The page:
At work, behind the scenes of a painting – behind an image made with coloured daubs of paint – are the support and ground that hold it together. The former refers to a surface such as canvas, wooden panel, metal or paper. The latter to a stable, absorbent layer of paint sits between the support and painting itself, allowing one to safely adhere to the other. Imagine our lives lived without a solid base on which to construct them and how impermanent things would feel? In a painting, the function of its ground and support are important for similar reasons. Performing correctly, they provide a durable foundation for a painting, which helps it endure the test of time. Working together, they help prevent a painting from developing cracks or flaking off a surface. A ground also stops a painting from either sinking into support or degrading it due to corrosive substances in paint.
Whilst all this is important, as a painter, I dedicate time to thinking about what supports and grounds I use because I enjoy how their different qualities affect the flavour of my work. For example, when I want my paint to acquire a dry, chalky quality, I work on a traditional gesso ground that is highly absorbent. Or, when working on canvas, I sometimes want to preserve the fabrics natural look in my painting, not cover it with conventional white primer. In this case, I use a clear acrylic gesso that protects the canvas whilst keeping it visible.
The nomenclature for painting grounds can be confusing, as ‘primer’, meaning ‘first coat’ or gesso, meaning ‘chalk’ in Italian, is often used interchangeably. Traditionally, gesso grounds were made from white carbonate pigments (such as chalk) mixed with animal hide glue. They now also refer to grounds that are absorbent or contain more tooth than standard, smooth primers. Traditional gesso was applied in layers (between six and ten) to a sized wooden panel. When sanded and polished, it produces an ivory-like surface. Whilst compatible with all painting media, it is brittle and should only be used on rigid supports, not on canvas or paper. It also takes a long time to apply and is susceptible to cracking if exposed to changes in humidity or if prepared incorrectly.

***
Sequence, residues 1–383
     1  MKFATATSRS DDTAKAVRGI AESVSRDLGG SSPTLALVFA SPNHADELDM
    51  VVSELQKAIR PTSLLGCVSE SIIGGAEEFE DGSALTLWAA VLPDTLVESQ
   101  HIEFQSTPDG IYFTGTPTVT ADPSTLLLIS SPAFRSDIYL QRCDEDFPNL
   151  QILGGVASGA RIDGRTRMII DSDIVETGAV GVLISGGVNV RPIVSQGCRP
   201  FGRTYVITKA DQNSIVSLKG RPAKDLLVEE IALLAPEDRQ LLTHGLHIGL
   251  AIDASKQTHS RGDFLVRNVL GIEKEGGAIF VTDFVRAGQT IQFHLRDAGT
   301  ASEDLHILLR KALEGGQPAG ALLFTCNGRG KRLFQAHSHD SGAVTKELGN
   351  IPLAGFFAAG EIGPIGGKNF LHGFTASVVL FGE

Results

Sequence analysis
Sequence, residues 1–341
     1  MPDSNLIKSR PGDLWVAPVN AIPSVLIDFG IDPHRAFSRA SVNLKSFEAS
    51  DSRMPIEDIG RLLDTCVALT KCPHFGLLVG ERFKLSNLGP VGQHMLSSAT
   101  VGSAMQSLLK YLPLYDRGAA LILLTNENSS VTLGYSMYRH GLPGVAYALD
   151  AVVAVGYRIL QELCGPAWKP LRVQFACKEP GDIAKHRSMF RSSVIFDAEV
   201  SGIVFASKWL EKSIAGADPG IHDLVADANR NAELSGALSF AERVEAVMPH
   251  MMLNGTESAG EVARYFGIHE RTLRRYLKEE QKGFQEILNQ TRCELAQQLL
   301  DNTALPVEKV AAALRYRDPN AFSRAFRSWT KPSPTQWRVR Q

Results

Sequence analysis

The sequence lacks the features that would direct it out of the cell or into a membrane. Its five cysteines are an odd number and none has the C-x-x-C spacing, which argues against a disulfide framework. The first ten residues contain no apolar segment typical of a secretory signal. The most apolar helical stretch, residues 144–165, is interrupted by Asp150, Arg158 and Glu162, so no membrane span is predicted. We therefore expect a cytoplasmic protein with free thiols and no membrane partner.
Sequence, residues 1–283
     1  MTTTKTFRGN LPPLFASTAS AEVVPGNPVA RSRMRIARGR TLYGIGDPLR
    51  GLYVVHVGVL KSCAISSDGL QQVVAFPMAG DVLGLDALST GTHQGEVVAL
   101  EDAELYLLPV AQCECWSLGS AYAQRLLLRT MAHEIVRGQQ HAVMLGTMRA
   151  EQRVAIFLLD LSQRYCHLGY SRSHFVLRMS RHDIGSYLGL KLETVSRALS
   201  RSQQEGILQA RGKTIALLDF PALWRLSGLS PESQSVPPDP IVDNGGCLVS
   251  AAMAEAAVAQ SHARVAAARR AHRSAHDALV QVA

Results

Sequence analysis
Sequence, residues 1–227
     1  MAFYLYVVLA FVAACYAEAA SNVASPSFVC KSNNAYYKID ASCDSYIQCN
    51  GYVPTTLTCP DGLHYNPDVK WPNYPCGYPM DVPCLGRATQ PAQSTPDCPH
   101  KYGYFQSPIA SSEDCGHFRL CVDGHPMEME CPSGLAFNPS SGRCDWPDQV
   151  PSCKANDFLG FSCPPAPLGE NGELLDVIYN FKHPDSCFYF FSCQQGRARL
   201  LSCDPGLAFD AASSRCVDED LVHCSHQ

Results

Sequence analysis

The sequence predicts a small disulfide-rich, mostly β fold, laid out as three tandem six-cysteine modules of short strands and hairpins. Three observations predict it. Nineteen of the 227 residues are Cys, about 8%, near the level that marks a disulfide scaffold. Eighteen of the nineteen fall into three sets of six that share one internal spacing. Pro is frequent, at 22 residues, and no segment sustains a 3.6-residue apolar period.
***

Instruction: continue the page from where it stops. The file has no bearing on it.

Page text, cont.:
With the development of oil painting during the fifteenth century, more flexible oil-based grounds were developed for canvas (though they can also be applied to metal). The best were made from linseed oil mixed with a warm, luminous, lead white pigment. Lead white is highly toxic, meaning that it has been replaced by titanium or zinc white in the common sale today. Unlike traditional gesso, oil primers need only be applied in several layers to achieve a creamy, slippery finish that allows the paint to glide over it. Whilst they provide a good surface to paint on, they only accept oil paint and can yellow with age. Oil grounds also require a canvas to be sized first. This is, so a barrier is formed that stops the acidity of linseed oil, the binder used in oil paint and grounds, from rotting the fabric.
Currently, the most common painting grounds are those using acrylic polymer binders. These are highly flexible, so they can be used on a range of supports from wood, canvas to paper. Unlike oil grounds, they are stable, quick-drying, can be painted on with a range of media and don’t require a surface to be sized first. Acrylic grounds can also be brought in a variety of qualities, from transparent to opaque, textured or fine. As a foundation for painting, this widens possibilities from the start.